What’s wrong with me?


Ten years ago I went to see my doctor complaining of a persistent cough and mild chest pains. And was sent off immediately to get an x-ray. Which showed nothing.

Yet I still had a persistent cough and mild chest pains.

So the doctor gave me lots of other tests and did find some impairment to lung function. Somehow they decided this meant I had asthma (never mind that this didn’t explain the persistent cough or the chest pains). And I was given an inhaler, which proved useless.

This whole process took months, and I still had a persistent cough and mild chest pains.

Finally I went to a new doctor who sent me to a pulmonologist who took one look at the old x-ray and announced that I had had pnuemonia. Then he sent me off for a new x-ray and announced that I no longer did (and, indeed, a few weeks later, the symptoms disappeared). Then he sent me off for an expensive CT scan just to make sure.

He then gave me steroids. Looking back I wonder: If the problem were gone, why the steroids? According to the web, steroids are rarely useful in treating pnuemonia.

He did mention that, having had it once, I was more likely than normal to get another case of pnuemonia.

Now it is possible that he lied to me. Maybe he just told the hypochondriac what he wanted to hear and gave him a relatively harmless placebo. Or maybe he was just wrong; after all a hammer sees everything as a nail, so a pulmonologist sees everything as pnuemonia.

About Christmas I got a cough. It’s still with me. About three weeks ago I started having mild chest pains.

I went in to see my current doctor yesterday (with, I admit, low expectations), complaining of a persistent cough and mild chest pains and trundled off to get an x-ray. Which showed nothing.

Of course.

My doctor thinks I should come in again for more tests.

I think: a) The pulmonologist was right and I did have pnuemonia. b) I have it again, in a mild form so that it is hard to see. c) Everybody but me is incompetent.

I don’t feel I have the energy to fight them. I have no desire to go though another few months of pointless tests. It will go away on its own given time.

A week later and it is, perhaps, time to climb off my high horse.

My doctor suggests (very obliquely) that the pulmonologist was wrong ten years ago. So obliquely in fact that it takes me several hours to work out what she meant. I think. She hints obliquely that I have a post-nasal drip which is irritating my nasal passages and lungs. I think.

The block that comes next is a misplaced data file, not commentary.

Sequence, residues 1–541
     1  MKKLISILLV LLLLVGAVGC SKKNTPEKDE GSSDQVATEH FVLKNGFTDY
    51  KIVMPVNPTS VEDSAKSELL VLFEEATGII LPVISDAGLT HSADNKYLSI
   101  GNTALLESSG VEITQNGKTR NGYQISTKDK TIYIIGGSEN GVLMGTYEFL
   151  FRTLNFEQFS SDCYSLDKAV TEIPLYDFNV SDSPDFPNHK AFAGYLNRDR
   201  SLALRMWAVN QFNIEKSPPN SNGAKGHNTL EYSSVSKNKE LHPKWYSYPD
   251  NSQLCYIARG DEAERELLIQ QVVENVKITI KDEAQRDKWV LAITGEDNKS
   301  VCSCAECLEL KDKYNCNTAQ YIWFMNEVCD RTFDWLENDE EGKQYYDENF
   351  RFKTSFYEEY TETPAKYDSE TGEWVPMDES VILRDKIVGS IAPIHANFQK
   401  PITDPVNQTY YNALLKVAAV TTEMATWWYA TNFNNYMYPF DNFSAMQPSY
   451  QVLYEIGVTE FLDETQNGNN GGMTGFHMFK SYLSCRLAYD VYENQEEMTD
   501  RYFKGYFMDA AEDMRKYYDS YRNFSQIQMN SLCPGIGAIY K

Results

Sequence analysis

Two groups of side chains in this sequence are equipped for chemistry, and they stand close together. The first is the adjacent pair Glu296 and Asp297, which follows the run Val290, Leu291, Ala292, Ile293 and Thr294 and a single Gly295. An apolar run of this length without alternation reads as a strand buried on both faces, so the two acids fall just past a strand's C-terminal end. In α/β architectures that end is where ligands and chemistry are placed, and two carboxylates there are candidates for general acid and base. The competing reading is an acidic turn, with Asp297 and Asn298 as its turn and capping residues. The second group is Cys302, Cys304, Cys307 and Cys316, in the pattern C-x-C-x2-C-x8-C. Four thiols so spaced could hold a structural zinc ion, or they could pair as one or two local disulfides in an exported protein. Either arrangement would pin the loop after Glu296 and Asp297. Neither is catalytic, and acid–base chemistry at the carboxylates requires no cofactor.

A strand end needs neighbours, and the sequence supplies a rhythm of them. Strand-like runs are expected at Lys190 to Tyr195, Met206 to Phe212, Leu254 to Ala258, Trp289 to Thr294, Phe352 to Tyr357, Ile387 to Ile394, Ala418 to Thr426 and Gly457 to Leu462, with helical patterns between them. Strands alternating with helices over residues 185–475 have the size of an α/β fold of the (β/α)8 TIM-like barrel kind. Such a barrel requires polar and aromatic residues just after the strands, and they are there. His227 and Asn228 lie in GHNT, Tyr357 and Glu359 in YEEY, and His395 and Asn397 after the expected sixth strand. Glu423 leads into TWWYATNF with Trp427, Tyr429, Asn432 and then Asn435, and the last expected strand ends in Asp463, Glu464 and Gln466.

How can I make decisions if I’m not told the issues? Or if people lie to me?  I have a new high horse to climb onto!

5 Responses to “What’s wrong with me?”

  1. Joe Says:

    I started looking at doctors (and other “professionals”) in a different light after I received my CPA license. I guess having conscious incompetence (I know what I don’t know about accounting and taxes) is a good thing – but it’s scary what other people think I’m supposed to know just from those initials. Realizing doctors and lawyers and vets potentially have the same conscious incompetence dropped them a few pegs on the god-like platform they’d been on before. Admittedly, there are a few areas of accounting where I am unconsciously competent – I’m just really, really good at them – and others I only have a basic understanding. I think doctors, lawyers (and for my family – vets) have the same differentiation. Maybe you just need to keep an eye out for the one extraordinay pulmonologist and just go see them to confirm what you suspect when symptoms act up. Otherwise, yeah, (c) everyone but you is incompetent.

  2. Jon Says:

    Having had bacterial “walking” pnuemonia twice, I’m pretty frightened of it. and find it very easy to understand how elderly people die of it – when every breath requires a conscious effort and causes a lot of pain, it’s hard to keep it up. Hopefully if you have a mild form, it will not get any worse. Both times they put me on antibiotics for quite a long time (6-8 weeks IIRC), apparently to insure that the infection was completely eradicated.

    IMO “pneumonia” is more of a set of symptoms than a specific diagnosis, as there are so many things that can cause the symptoms.

  3. Carl Rosenberg Says:

    Well, may be the least helpful advice, but: think like a pilot. Nothing good can ever come from seeing a doctor.

    (If you walked into any doctor’s office with a job, and could either walk out with the same job, or unemployable, this might make more sense).

    In the current situation I would just get plenty of rest and try to forget it.

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